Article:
If you’re an astronaut, you’re used to being treated both like royalty and like a lab animal—imperial guinea pigs, perhaps. Next year, these august examinees will enroll in a new kind of experiment as they strap themselves into the first private, human-ready spacecraft to lift off of US soil.
That’s not the only historic event to expect in 2020. Back on land, actual lab rats may find the year brings them something of a reprieve. Building on mountains of work, scientists have crafted beating mini-hearts and other realistic organoids that may now replace some rodents. Throw in advances in the hunt for dark matter (if you’re in xenon sales, this is your lucky year), an out-of-this-world plan for satellites, and the Crispr’ing of just about everything, and the year ahead is shaping up to be delightfully sci-fi.
Here Come the Brain Balls
Over the past decade and a half, scientists have gotten pretty good at turning stem cells into itsy-bitsy versions of nearly every one of your internal organs. At last, these lab-grown brain balls, mini-hearts, and gut globules (to name a few) are living longer, getting more complex, and starting to fulfill their promise as a replacement for animal testing. (They’ve even gone to space!)
In May, scientists in the Netherlands built proto-proto-kidneys from a cystic fibrosis patient’s urine and then tested different drugs on them. Earlier this month, researchers in California reported that their 10-month-old mini-brains have started sparking out brain waves similar to those of a developing fetus. (Brain organoid ethics, here we come!) A number of startups are also growing people’s tumors and screening them against dozens of cancer drugs to find one that works.
Those aren’t the only signs of organoids’ rise. In 2019, AstraZeneca teamed up with a company that makes tiny, beating “hearts in a jar” to improve its odds of finding a treatment for a common kind of cardiac failure. GlaxoSmithKline partnered with another heart-on-a-chip company to predict how drugs for other diseases might negatively affect the cardiovascular system. As organoids mature and Big Pharma buys in, they might just make the whole business of drug-making safer, cheaper, and less cruel. —Megan Molteni
The Universe, Revealed
Physicists have struggled with the question for centuries: What is the universe made of? Currently, they’re grappling with the mysteries of dark matter—an invisible material never yet observed, but whose gravitational influence suggests it comprises 85 percent of the universe’s mass—and dark energy, a substance permeating space that is stretching the universe apart at increasingly faster rates.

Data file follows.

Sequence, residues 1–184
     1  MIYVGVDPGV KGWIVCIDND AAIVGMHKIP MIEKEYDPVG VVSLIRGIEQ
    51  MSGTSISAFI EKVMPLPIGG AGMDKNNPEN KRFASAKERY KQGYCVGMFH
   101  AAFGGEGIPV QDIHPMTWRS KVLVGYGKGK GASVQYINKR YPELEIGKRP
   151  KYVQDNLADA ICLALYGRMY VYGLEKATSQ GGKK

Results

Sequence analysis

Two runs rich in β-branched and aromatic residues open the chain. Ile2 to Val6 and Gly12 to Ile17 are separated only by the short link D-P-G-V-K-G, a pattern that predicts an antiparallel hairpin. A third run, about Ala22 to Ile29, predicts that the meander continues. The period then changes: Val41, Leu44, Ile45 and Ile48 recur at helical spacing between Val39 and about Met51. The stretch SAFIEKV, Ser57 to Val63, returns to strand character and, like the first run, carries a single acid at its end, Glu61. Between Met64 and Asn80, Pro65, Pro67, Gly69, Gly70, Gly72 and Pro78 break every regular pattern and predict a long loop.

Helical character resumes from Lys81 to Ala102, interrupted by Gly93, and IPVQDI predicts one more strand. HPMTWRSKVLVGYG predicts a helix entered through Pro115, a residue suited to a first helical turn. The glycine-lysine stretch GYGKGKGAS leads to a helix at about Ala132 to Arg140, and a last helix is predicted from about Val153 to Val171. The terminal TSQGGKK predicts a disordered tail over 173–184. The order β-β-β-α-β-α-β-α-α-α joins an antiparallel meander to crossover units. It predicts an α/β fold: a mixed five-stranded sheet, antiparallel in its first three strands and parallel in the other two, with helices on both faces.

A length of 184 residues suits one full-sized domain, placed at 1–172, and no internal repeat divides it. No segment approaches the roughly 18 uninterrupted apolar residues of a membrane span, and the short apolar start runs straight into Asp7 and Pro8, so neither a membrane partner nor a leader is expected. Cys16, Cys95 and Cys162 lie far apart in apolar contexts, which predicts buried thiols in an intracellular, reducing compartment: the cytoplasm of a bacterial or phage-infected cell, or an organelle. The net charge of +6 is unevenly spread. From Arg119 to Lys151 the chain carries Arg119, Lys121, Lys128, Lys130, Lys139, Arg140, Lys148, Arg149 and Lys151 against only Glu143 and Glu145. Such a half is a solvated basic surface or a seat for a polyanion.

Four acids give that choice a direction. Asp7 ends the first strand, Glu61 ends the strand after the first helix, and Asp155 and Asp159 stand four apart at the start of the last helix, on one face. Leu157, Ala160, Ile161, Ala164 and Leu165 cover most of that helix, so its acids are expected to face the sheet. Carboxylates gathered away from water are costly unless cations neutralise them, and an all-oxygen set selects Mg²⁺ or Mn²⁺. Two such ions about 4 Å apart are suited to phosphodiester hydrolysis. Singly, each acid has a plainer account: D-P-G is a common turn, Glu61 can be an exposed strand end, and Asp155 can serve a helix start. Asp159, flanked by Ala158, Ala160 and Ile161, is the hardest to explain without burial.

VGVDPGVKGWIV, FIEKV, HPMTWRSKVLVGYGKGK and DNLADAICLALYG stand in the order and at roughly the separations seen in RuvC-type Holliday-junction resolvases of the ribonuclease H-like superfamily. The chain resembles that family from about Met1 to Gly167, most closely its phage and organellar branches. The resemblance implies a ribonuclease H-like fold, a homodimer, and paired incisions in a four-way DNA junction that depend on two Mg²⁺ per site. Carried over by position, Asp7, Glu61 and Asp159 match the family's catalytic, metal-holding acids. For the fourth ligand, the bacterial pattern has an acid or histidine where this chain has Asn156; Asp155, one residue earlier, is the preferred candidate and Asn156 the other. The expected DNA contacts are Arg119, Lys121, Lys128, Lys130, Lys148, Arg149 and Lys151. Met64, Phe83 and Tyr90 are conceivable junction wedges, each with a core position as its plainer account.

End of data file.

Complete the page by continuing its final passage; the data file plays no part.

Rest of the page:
Next year, scientists are throwing newer and bigger machines at these questions. Dark energy researchers are installing a new telescope called the Dark Energy Spectroscopic Instrument at Kitt Peak Observatory, in Arizona. In April, it will begin to map the motion of galaxies across a third of the sky. Physicists are hoping that these maps, taken over five years, will lead to better measurements of the universe’s expansion, which they can use to infer properties of dark energy.
Meanwhile, dark matter hunters have enhanced an old detector design: an underground vat of liquid xenon, shielded from the noise on Earth’s surface, that’s designed to produce light should a dark matter particle make contact. The first prototypes were built over a decade ago and contained less than 50 pounds of xenon. To put that in perspective, the XENON1T detector in Italy is currently undergoing an upgrade to hold 8 tons of the stuff. What’s more, next summer physicists will turn on an even bigger machine, the 10-ton LUX-ZEPLIN, located in an old South Dakota gold mine. More xenon increases the likelihood of catching a dark matter particle—and they’ve got their fingers crossed. —Sophia Chen
The Solar Boom Sputters
It wasn’t that long ago that solar power in the United States was virtually nonexistent. In 2007, solar accounted for just 1/10 of 1 percent of America’s electricity, and today it’s up to nearly 2 percent. America’s solar boom grew out of two trends. The first was the plunging cost and efficiency gains of photovoltaic cells. The other was a tax credit that allowed businesses and individuals to deduct 30 percent of the cost of installing new solar panels from their taxes. Although photovoltaics continue to gain efficiency, the fate of the tax credit is uncertain. The 30 percent tax deduction drops to 26 percent in 2020 and 22 percent in 2021. After that, individuals won’t receive any tax credits for installing solar on their homes, and business owners will receive a paltry 10 percent. In July, a trio of Congressmen introduced a bill that would extend the credit at 30 percent for another five years, but so far there’s no indication it will get passed. The solar industry will survive either way, but it likely won’t see the kind of growth it has experienced over the past 10 years. The US is already struggling to meet its climate goals, and a step down in credits for solar energy isn’t going to help. —Daniel Oberhaus
Crispr, Crispr Everywhere
Crispr, the revolutionary gene-editing tool, is less than a decade old. With astonishing speed, it has begun to appear in clinical tests, where it is now proving its powers. The first published report of Crispr in a person showed it could safely treat (though not yet cure) HIV. A highly anticipated clinical trial in the US has dosed its first patients with Crispr-edited cells to treat sickle cell disease. Next year, the list will grow longer. Doctors are recruiting patients for at least a dozen clinical trials, with aims to cure other blood disorders, inherited blindness, and a variety of cancers. They are also eyeing trials for muscular dystrophy, cystic fibrosis, and other genetic diseases for which Crispr has already shown promise in the lab.